I bring this up because of an intriguing problem. Suppose you were asked to describe the “nature” of the crocodile. No matter how great an expert (if you were not, you would probably describe them as solitary predators, which they are not) you were, your information would be limited. What we know, for sure, is only a tiny fraction of what there is to know. This is true, of course, of many animals, but takes on particular importance in an animal which looms so large in our imagination, and about whom people believe they already know everything they need to know.
Solitary predator; no feelings; incapable of empathy. Crocodiles and human psychopaths. But in the one case, this is accurate; in the other it is an accumulation of myths and prejudices. So here is my problem: What do we say if asked to describe “human nature.” Well, we balk, of course, and claim it is not possible. But if we make an attempt, we will discover that hardly any two humans can agree. Are we an aggressive species? Are we a murderous species? Are we an empathic species? We have members of our species who would correspond to each of these descriptions, not to mention a million others.
Now I am not saying that crocodiles have as much variation in their personalities and their nature as we do. But I am saying that we are in no position to be casting stones at them. As we do and continue to do: “Natural predation and mortality of these ruling reptiles pales into insignificance compared with the toll from hunting and habitat alteration by human beings,” notes on expert.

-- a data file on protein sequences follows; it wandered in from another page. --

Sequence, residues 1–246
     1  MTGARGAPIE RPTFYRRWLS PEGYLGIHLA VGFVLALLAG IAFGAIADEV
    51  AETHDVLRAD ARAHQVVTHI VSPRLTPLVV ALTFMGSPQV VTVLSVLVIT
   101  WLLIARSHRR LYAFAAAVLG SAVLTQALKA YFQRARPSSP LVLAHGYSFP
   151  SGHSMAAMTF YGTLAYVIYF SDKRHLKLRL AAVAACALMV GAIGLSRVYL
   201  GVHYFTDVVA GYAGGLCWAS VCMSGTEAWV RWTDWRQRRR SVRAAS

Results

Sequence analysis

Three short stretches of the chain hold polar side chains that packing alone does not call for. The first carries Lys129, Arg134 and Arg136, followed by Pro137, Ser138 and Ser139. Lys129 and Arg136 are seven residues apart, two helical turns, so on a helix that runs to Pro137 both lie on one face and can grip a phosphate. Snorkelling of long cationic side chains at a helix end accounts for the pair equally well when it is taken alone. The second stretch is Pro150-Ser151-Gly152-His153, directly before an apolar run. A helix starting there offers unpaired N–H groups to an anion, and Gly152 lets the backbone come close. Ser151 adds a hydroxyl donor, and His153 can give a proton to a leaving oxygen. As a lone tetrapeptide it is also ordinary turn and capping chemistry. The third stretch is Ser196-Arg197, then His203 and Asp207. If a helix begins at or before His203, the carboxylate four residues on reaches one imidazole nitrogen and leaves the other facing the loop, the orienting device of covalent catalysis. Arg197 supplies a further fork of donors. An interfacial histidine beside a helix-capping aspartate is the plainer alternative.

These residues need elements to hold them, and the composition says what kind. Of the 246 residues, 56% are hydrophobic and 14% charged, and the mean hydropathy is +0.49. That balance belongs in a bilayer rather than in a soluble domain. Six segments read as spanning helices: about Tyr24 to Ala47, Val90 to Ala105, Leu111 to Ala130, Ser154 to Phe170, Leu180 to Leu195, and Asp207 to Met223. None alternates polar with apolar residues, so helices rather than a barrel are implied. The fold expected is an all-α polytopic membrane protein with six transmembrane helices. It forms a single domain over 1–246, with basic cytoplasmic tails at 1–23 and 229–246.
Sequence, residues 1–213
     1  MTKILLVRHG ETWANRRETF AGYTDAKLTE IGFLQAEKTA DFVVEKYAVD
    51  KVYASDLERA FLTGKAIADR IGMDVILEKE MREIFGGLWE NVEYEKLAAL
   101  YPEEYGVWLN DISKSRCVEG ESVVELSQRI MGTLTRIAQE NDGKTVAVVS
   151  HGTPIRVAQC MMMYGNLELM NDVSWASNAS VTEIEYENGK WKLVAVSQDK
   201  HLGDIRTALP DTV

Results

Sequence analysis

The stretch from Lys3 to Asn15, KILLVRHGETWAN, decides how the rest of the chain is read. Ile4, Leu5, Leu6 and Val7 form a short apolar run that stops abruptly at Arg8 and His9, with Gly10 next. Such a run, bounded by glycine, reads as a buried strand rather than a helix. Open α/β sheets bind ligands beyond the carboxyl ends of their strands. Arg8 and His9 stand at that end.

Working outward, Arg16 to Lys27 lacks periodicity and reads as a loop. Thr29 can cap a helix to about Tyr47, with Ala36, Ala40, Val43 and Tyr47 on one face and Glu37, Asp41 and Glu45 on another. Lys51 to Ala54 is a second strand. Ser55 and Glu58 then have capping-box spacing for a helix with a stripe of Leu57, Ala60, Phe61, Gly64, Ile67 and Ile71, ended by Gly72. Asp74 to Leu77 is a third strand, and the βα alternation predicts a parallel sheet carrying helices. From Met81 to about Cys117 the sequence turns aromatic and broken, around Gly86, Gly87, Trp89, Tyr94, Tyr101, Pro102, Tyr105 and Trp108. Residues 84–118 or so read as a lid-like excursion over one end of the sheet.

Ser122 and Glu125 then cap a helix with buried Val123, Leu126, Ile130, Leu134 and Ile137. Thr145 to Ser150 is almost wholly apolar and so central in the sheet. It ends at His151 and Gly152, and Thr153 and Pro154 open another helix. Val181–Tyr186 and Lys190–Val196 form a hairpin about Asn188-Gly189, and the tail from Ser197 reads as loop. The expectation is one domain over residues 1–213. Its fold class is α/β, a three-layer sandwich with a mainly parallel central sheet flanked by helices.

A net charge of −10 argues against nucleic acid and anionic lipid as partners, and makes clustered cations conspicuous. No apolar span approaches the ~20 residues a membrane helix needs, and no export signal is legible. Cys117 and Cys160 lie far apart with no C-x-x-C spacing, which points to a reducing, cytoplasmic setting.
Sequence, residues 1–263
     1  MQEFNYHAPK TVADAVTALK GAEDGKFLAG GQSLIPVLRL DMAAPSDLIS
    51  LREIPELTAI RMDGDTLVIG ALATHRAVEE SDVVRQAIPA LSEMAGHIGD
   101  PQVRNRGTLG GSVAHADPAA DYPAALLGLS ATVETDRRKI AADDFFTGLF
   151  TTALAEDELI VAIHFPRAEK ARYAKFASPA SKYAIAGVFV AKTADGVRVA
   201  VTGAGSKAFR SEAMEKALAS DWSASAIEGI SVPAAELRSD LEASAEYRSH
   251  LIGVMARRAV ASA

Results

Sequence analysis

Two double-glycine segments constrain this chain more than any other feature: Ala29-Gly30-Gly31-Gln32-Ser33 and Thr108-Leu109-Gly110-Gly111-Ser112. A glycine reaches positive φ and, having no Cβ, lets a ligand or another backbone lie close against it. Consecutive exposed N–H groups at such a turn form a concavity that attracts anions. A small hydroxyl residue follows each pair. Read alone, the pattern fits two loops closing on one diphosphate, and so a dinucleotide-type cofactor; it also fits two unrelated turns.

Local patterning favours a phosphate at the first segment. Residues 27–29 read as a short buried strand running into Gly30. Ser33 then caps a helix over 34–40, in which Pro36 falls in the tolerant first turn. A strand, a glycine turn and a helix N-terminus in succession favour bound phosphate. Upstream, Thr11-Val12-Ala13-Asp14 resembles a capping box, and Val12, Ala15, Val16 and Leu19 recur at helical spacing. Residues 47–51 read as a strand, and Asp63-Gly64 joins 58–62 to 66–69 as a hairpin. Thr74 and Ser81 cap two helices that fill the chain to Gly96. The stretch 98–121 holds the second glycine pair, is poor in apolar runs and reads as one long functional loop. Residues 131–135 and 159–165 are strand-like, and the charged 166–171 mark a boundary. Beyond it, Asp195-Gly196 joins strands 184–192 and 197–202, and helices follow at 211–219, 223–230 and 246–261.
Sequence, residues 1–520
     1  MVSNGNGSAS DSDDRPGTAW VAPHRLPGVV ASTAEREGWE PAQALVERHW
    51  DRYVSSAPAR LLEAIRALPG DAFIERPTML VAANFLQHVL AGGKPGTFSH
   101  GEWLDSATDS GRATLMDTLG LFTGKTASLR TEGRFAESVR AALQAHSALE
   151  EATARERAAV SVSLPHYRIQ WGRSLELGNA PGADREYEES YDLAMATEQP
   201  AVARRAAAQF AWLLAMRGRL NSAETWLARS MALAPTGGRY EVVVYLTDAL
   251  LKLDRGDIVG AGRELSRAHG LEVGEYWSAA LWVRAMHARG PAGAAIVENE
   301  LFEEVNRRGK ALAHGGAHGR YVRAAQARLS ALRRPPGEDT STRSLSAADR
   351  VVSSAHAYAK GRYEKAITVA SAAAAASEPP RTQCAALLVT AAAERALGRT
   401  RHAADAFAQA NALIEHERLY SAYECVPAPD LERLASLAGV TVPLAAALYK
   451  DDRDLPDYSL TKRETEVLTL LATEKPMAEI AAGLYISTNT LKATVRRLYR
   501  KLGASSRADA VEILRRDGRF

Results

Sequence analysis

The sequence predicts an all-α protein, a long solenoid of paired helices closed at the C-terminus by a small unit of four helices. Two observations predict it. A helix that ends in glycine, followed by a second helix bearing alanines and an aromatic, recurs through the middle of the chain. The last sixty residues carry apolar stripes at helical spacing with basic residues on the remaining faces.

But how far can we take this? We don’t say that humans are benign by nature, do we? Nor would we say the same of crocodiles, in spite of a remarkable video on YouTube (just search for Chito and Pocho) which shows a Costa Rican fisherman who saved a 17-foot thousand-pound crocodile and the two were inseparable for 20 years until the crocodile died of old age in 2011. (Interesting that when RTE News describes the crocodile, they call him “deadly”!) They swam together, played together and seemed very “bonded.” But it is not something you would want to try on your own. “Taming” a wild crocodile is generally a losing proposition. Remember Humphrey, the hippo, who was saved from a flood when he was still a baby and was raised as a pet in South Africa?
In a video released in March on YouTube, in early 2011, you can see Major Mario Els with his pet hippo, with whom he lived with for 6 years, feeding him apples, swimming with him and climbing on his back. He said he regarded him as a member of his family and was as close a friend as he had ever had: “They think you can only have a relationship with dogs, cats and domestic animals. But I have a relationship with the most dangerous animal in Africa.” In spite of this recognition, Els completely trusted Humphrey, whom he called “a gentle giant,” to never harm anyone. In November 2011 the 2,500 pound “tame” hippo savagely attacked Els and killed him by biting him nearly in half.
The lesson? We don’t know nearly enough about anyone, ourselves and other animals included.